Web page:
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Monthly Economic Indicators

Executive Summary

  • Greater strength in domestic demand contributed to stronger GDP growth over the first half of 2011 than forecast in the Budget
  • Historical measures of external indebtedness have overstated vulnerability
  • Global sentiment becoming increasingly downbeat, posing risks to New Zealand’s outlook

Despite a fairly flat outturn in the June quarter, real GDP growth over the first half of 2011 has been stronger than anticipated, boosted by stronger domestic demand as consumers have proven more resilient. The February earthquake had less of a negative impact on March quarter GDP than we had estimated but there was a degree of payback that flowed into the June quarter contributing to the volatility in the quarterly outturns. The level of nominal GDP for the first half of 2011 was in line with forecast.

Improvements to official statistics show that New Zealand’s level of net international indebtedness has not been as severe as previously thought. New Zealand’s net liability position is now reported as around 70% of GDP. The peak in the net liability position is now thought to have been around 85% of GDP compared to earlier estimates closer to 95%. The latest measures still show that net liabilities increased over most of the 2000s but the more accurate picture that emerges further distinguishes New Zealand from countries facing substantially larger economic and fiscal problems. This is a welcome development given the increased focus that may be placed on vulnerabilities in light of the deteriorating global outlook.

The outlook for the global economy deteriorated in September as concerns around Greece being unable to meet its debt obligations increased and risk aversion reigned in financial markets. The actions of policy makers have been insufficient to quell fears about the euro area and US growth. Extensions to the European Financial Stability Facility have been proposed but are yet to be ratified by all members; the European Central Bank has continued to purchase Italian and Spanish bonds in an attempt to keep funding costs down; and the US Federal Reserve has enacted “Operation Twist” aimed at changing the composition of its balance sheet to reduce longer dated borrowing rates. Both Consensus and IMF growth forecasts have been revised down with the IMF also developing a downside scenario.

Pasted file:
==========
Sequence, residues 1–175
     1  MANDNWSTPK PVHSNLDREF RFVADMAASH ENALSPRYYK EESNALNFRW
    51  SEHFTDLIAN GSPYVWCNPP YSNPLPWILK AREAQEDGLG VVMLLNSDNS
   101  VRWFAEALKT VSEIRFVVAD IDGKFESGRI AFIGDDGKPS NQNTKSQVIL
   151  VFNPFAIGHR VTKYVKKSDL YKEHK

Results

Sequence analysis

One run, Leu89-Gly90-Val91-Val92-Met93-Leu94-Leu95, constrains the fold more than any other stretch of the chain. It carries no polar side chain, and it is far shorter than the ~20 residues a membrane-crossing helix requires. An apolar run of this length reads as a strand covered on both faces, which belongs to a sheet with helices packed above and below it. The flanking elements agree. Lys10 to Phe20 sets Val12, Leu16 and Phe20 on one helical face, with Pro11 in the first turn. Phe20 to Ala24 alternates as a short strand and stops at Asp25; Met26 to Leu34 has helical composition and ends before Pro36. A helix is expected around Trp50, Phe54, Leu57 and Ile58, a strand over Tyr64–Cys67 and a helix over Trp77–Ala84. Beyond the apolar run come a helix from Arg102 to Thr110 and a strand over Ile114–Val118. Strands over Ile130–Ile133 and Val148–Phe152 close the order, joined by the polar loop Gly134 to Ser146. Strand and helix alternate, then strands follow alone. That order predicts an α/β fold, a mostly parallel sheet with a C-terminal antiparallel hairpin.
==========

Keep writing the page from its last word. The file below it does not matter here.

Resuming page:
The impact on New Zealand of the deterioration in the global outlook has been relatively mild so far, with indicative bank funding costs increasing and demand for New Zealand government bonds weak earlier in September before returning later in the month. Should conditions deteriorate further, New Zealand’s banks are better placed to withstand issues in global financial markets than they were prior to the global financial crisis. While the global environment increases risks associated with the economic outlook, we expect the New Zealand economy to remain supported by an elevated terms of trade as well as domestic factors including the Canterbury rebuild. Our exposure to Australia and Asian economies is also a relative positive.

Global weakness is yet to show any significant impact on confidence with consumers remaining relatively upbeat. We conducted our business talks ahead of the Pre-election Update in early September and while fortunes vary by sector, business conditions have generally improved since our previous round of interviews in March. This month’s special topic outlines the key messages from these talks.

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